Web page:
China sets date for Communist Party to pick new leadership
Monday, August 26, 2002
BEIJING -- China set the date Sunday for its Communist Party national congress, a watershed event expected to position a new generation of leaders for the world's most populous nation as it undergoes wrenching economic and social change.
Sunday's announcement of the long-awaited 16th National Party Congress comes after months of speculation about possible dates and rumors of feuding over succession.
The party congress, now set for Nov. 8., is expected to see the first steps in the passing of power from president and party secretary Jiang Zemin to China's vice president, Hu Jintao.
China's new leadership will face economic uncertainty, social dislocation and the task of mapping out diplomatic space for China in a world dominated by the United States.
The state-run Xinhua News Agency, announcing the date, said the congress -- the first in five years -- was "extremely important."
Bargaining for succession
The gathering will elect a new Central Committee for the party as well as members of an influential body for punishing corruption and other ills, Xinhua said. Most of the top members of the Central Committee are expected to step down and be replaced by younger men.
The Communist Party's Political Bureau suggested the Nov. 8 date, which must still be approved by the governing Central Committee. But it was unlikely the date would change, since such important decisions typically are set by consensus after long private discussions. Such congresses can run anywhere from a few days to two weeks or longer.
Preparations for the congress have reportedly been complicated by last minute bargaining over the succession -- with many seeing Jiang as trying to maintain his influence even after he hands over power.
The 76-year-old Jiang is expected to hand over to Hu, 59, the post of party secretary-general. Next spring at the annual meeting of China's parliament, he is expected to stand down from the presidency, which will then go to Hu.
But before that happens, November's party congress appeared ready to cement Jiang's leagacy.
Xinhua said the congress will sum up work done over the last five years, and "comprehensively carry out the important thoughts of 'Three Represents"' -- the political theory of party modernization that Jiang is believed to want written into the party's constitution.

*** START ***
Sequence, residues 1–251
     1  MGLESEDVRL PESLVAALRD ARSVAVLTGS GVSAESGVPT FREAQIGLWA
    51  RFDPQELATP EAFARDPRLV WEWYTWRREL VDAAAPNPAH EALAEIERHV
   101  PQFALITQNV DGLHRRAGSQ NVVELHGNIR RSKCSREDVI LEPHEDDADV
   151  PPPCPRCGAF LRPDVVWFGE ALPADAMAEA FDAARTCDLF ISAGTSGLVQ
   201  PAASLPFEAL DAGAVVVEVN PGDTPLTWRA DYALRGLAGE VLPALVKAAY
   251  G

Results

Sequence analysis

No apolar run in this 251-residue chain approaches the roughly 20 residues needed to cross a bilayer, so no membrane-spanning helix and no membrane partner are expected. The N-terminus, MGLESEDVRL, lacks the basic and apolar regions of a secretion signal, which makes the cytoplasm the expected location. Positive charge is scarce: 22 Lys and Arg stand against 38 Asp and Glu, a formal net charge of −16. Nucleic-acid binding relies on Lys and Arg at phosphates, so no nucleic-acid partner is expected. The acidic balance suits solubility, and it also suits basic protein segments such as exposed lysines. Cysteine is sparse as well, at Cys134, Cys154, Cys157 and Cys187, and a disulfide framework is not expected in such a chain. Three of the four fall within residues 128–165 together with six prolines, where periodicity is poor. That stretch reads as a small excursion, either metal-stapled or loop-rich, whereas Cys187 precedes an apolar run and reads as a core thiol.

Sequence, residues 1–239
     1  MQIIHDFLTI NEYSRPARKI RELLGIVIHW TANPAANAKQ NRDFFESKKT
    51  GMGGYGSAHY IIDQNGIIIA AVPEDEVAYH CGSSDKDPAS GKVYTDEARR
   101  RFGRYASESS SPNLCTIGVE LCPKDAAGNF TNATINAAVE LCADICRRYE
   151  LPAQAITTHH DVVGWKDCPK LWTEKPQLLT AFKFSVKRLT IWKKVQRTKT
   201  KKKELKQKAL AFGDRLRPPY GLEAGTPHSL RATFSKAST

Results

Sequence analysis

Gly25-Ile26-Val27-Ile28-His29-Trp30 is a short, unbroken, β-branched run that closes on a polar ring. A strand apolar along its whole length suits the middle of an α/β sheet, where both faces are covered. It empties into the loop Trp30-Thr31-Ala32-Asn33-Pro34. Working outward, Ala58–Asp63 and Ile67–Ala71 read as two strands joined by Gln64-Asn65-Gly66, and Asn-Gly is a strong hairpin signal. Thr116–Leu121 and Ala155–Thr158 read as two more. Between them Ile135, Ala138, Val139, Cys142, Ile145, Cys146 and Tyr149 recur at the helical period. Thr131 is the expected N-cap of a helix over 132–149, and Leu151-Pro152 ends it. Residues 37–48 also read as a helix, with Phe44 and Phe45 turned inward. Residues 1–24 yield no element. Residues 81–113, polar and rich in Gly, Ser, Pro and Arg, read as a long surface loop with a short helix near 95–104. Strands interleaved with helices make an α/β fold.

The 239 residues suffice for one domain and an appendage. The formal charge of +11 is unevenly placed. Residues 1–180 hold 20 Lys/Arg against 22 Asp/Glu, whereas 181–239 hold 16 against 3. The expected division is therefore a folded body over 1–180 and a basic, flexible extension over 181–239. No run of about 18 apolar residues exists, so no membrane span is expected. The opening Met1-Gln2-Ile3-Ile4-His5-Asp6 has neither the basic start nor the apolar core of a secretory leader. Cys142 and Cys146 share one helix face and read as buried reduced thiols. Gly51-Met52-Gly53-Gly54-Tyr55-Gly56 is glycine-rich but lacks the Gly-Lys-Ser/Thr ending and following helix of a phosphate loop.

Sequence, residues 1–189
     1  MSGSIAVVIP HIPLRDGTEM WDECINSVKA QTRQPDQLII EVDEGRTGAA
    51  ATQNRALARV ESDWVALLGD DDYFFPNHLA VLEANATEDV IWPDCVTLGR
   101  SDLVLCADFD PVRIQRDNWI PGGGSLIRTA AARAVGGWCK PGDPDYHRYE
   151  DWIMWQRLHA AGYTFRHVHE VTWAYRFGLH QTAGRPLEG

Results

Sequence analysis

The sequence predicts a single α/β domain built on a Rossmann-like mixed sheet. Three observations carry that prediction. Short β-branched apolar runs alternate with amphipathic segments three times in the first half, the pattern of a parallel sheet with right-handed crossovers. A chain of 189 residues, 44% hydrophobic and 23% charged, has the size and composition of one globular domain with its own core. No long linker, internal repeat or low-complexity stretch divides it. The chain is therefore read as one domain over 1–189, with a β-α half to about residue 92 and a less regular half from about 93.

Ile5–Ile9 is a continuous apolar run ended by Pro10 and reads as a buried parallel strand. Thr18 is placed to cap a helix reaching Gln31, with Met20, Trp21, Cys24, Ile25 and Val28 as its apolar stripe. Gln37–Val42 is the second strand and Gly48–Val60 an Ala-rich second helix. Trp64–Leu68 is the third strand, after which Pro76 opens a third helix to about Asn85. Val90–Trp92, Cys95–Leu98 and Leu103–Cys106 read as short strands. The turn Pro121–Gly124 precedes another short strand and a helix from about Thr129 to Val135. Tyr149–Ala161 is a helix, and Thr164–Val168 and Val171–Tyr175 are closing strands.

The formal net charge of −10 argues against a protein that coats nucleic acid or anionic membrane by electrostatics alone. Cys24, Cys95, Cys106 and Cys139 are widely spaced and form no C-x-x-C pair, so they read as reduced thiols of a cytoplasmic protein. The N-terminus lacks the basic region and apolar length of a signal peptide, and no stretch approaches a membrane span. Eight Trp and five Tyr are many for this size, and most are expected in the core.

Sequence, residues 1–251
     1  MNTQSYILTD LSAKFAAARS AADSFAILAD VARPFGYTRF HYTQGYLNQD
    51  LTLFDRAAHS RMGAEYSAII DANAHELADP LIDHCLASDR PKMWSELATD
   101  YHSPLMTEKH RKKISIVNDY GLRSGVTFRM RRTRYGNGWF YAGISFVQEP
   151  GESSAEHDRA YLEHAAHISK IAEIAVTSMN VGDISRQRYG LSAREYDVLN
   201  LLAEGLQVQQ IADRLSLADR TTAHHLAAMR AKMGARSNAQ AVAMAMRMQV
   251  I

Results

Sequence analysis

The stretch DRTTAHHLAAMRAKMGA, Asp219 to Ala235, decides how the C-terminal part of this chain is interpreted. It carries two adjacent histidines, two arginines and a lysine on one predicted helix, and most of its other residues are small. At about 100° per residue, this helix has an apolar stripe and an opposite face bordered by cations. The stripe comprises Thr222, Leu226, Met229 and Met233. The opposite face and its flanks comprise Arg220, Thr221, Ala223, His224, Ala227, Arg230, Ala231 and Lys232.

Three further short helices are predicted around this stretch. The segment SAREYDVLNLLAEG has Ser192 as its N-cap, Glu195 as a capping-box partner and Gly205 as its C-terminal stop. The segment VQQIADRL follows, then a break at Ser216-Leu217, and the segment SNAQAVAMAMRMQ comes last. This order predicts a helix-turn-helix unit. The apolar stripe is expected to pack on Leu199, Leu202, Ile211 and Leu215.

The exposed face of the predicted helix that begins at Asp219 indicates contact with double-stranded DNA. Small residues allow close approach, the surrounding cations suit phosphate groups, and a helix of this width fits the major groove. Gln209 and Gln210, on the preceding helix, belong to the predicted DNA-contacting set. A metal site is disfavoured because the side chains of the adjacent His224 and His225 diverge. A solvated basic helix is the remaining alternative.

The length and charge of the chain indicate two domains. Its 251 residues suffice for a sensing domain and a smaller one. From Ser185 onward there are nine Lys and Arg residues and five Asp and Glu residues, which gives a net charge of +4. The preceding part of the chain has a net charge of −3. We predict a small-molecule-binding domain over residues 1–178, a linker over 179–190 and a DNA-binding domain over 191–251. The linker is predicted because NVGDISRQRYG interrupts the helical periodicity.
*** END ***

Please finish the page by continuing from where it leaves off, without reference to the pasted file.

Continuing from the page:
The theory lays down three messages: the Communist Party has to keep up with modern China, embrace the new economic and professional elite -- and even offer membership to the very entrepreneurs that it once reviled.
Giving it the party stamp would put Jiang on an ideological par with former leader Deng Xiaoping and Mao Zedong, the founder of communist China.
The Nov. 8 date means Jiang still will be president, party secretary general and head of key party and state military commissions when he visits North America in late October.
He is due to visit President Bush at his Crawford, Texas, ranch Oct. 25 and attend a meeting of Asian-Pacific leaders in Mexico before returning for the congress.
The new generation of leaders will likely need years to build their political muscle because assertiveness traditionally is frowned upon in the rigidly hierarchical communist system.
Meanwhile, the issues grow more demanding:
-- China must provide for growing legions of urban workers laid off from failed state industries while cooling anger among farmers with stagnating incomes.
-- There is strong public resentment over rampant official corruption and the increasingly glaring gap between rich and poor. A lesser challenge comes from the desire among urban, educated Chinese and younger officials for more responsive, transparent government.
-- The military is seen as increasingly assertive. The generals especially want China to stand up to the United States, which is viewed both as China's main rival and its most important economic partner.
The generals also are pushing for a harder line on Taiwan, the island republic claimed by China as its own territory, saying military force may be necessary to assert Beijing's control.